Heart seven on the ulna side of the palm wrist crease is used to enhance sleep in Chinese Medicine. The use of small adhesive magnets on Heart 7 through the night, although not scientifically studied, can help some people to sleep better.
Simple relaxation techniques such as taking a warm bath before bed, reading or doing some stretching can help raise activity of the parasympathetic nervous system and aid sleep. Similarly listening to relaxing music with / or listening to subliminal delta waves may also induce restful sleep.
Factors that retard sleep
Numerous nutritional factors have been shown to retard sleep; namely alcohol (Feige et al 2006), caffeine (Bonnet and Arand 1992) and hyper hydration (Halson 2008). Consuming alcohol post exercise is a very poor rehydration strategy and should be avoided. However as part of a balanced lifestyle some athletes may enjoy a glass of wine with dinner occasionally which seems acceptable (however not after a game). Caffeine metabolism can vary from one person to another depending the expression of liver enzymes, however is a stimulant and drinking coffee or tea should be avoided in the evening. Some athletes will use caffeine as a pre game stimulant, the performance benefit of using caffeine during a night game / event needs to be evaluated along with the negative effect it may have on sleep and recovery from that game / event. Finally, athletes may over hydrate following night games / events and may subsequently wake frequently in the night to urinate. Although re-hydrating is essential athletes should be encouraged to consume a little less fluid that contains more electrolytes in order to hydrate and retain fluid post games / events.
Tryptophan is an amino acid found in meat, fish and eggs and it is metabolised to 5HTP, serotonin and eventually melatonin. A diet lacking protein, especially food rich in tryptophan such as chicken, turkey, eggs and cottage cheese combined with a deficiency co-factors in these reactions such as B vitamins and magnesium may retard the production of melatonin.
Athletes now take branched chain amino acids (BCAA’s) supplements as part of the post exercise recovery period, however the use of BCAA’s after night games / event may be contraindicated to getting good quality sleep. Increased BCAA’s in the blood decreases the transportation of tryptophan across the blood brain barrier leading to less free tryptophan to be converted to melatonin. Decreases in free plasma tryptophan have been shown to lead to disturbed sleep (Markus, et al 2005). The timing and dose of tryptophan is yet to be scientifically established, however using a dose of 1g before bed may be beneficial to improve sleep onset latency (Hartmann 1982).
Valerian is commonly used to treat insomnia and sleep disturbance. A systematic review in to use of valerian for sleep concluded the available evidence suggests that valerian might improve sleep quality without producing side effects. (Bent et al, 2006). A scientific does of valerian is yet to be established, however taking 2.5-5ml of valerian tincture may be very useful.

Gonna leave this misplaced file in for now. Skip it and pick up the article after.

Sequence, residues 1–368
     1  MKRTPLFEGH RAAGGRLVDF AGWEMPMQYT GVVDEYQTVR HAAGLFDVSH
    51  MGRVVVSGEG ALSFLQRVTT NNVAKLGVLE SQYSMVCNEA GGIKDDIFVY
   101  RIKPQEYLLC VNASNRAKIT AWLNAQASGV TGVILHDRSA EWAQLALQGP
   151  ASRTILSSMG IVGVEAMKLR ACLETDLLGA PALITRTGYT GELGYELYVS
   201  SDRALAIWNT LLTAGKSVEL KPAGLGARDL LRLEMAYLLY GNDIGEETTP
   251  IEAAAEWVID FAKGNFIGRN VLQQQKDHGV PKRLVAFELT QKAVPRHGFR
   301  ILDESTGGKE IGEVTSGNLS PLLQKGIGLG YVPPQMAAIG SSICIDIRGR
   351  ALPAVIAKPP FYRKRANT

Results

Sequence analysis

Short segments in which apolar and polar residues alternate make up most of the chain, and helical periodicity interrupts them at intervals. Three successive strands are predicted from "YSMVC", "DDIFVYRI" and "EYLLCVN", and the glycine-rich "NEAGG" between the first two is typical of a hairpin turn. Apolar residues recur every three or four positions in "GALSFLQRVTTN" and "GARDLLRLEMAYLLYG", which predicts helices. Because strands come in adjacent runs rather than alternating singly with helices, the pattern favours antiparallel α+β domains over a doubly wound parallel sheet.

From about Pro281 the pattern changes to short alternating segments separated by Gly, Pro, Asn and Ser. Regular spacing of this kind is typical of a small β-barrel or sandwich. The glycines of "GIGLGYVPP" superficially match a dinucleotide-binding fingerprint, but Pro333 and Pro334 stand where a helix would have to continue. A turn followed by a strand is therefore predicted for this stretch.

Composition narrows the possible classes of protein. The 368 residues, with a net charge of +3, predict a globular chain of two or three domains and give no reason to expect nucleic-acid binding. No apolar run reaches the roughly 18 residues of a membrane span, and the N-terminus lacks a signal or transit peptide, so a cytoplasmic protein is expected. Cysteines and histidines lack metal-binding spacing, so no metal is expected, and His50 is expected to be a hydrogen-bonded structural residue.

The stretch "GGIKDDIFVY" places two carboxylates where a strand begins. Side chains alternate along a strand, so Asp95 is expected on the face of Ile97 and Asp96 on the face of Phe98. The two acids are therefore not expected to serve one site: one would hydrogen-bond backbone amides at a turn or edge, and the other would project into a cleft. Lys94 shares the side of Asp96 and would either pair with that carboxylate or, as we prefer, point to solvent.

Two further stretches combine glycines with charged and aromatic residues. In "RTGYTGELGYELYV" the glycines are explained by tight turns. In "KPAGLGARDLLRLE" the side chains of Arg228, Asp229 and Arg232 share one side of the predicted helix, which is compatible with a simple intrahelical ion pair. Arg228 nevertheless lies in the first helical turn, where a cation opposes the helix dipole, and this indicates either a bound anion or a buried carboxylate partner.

A supplement that can be particularly useful to aid sleep is magnesium. Although there are not many research trials to supports this, there is good clinical evidence to support its use with clients reporting much better sleep after magnesium consumption. There are many reasons to support this; magnesium is used as a co-factor in many chemical reactions especially in converting tryptophan to melatonin. Simply having a magnesium deficiency could retard this process leading to a lack of quality sleep. Research has shown that using 10mg of magnesium per KG of body weight is useful and tolerable for athletes to boost testosterone levels (Cinar et al. 2010), which for a 75kg male would equal 750mg. I may not be necessary to take that much before bed but taking 300-450mg (usually 2-3 capsules of magnesium) could be very useful.
Considered a member of the B vitamin family inositol can be manufactured in the human body. Although as yet there are no scientific trials to suggest inositol aids sleep, there is plenty of anecdotal evidence that it helps and is does not produce any side effects such as difficulty waking and drowsiness.
- Ensure good sleep hygiene by sleeping in a dark and quiet room
- Do something relaxing before bed such as stretching, reading or taking a hot bath
- Eat a meal 4 hours before bed that has some carbohydrate but not excessively high amounts
- Avoids things that retard sleep such as alcohol, caffeine and drinking too much plain water
- Consider acupuncture and the use of either melatonin (under the supervision of a doctor) or supplements such as valerian, tryptophan, magnesium or inositol to aid sleep